Hanukkah is an eight-night celebration. The Hanukkah celebration includes lighting the candles of the Hanukiyah (in English-speaking countries this is often called a Menorah, which is the Hebrew word for a candelabra) on each day of the holiday, playing with the dreidel, eating latkes and exchanging Hanukkah gelt.
Like another famous winter-time holiday, Christmas, Hanukkah is about history. The celebration of Hanukkah is a commemoration of an event that happened more than 2,000 years ago.
In 167 B.C., the Syrian king Antiochus IV began to outlaw Jewish religious practices and forced Jews to adopt Greek rituals. His men took control of the Jews' Holy Temple in Jerusalem, looted it and erected an idol of a Greek god there. One Jewish family, the Hasmoneans (led by Mattityahu and his five sons), decided to take a stand against the persecution. The Greek forces arrived in the town of Modiin, near Jerusalem. It was here that after refusing to violate his own religion by praying to the Greek god Zeus, Mattityahu attacked the Greek soldiers.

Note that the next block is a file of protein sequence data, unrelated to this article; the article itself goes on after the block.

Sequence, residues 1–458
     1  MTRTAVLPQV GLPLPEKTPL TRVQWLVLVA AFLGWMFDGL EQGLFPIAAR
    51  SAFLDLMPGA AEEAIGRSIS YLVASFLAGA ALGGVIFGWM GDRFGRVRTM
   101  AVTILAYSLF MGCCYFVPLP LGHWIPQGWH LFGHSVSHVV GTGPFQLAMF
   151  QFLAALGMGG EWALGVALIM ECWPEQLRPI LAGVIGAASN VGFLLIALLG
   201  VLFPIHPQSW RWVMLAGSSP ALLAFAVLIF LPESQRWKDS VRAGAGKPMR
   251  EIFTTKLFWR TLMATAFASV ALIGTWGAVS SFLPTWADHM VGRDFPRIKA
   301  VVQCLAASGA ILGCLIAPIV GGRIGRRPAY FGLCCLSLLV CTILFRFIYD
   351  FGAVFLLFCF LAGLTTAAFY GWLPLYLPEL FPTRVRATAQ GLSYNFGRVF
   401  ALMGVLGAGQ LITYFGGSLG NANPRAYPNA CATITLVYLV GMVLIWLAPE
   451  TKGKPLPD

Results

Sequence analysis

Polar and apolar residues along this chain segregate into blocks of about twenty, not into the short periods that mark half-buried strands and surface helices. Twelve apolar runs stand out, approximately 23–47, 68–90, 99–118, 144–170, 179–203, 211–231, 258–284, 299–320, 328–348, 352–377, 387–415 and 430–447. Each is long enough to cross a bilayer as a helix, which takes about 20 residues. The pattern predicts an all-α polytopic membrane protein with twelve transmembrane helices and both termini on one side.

This action began the Jewish rebellion. Mattityahu and his sons became known as the Maccabees, which means "men who are as strong as hammers" in Hebrew. The small army, led by Mattityahu's most famous son, Judah Maccabee, fought sizeable Greek forces. In 165 B.C., the Maccabees were triumphant. On the 25th of the Hebrew month Kislev, the Maccabees reclaimed the Holy Temple.
They decided to rededicate the temple -- the word "Hanukkah" means dedication. The Jewish army was unable to find enough oil to light the Menorah, or candle holder, to be used in the service. The Maccabees found only one bottle of oil, enough for only a single night. Miraculously, the oil lasted eight nights, giving the Jews time to produce more oil.
The holiday of Hanukkah commemorates this miracle. By lighting candles for eight nights, beginning every year on the 25th of Kislev (usually in December on the Western calendar, but not always), Jews celebrate the triumph of the Maccabees, the rededication of the Holy Temple and the miracle of the oil lasting for eight days.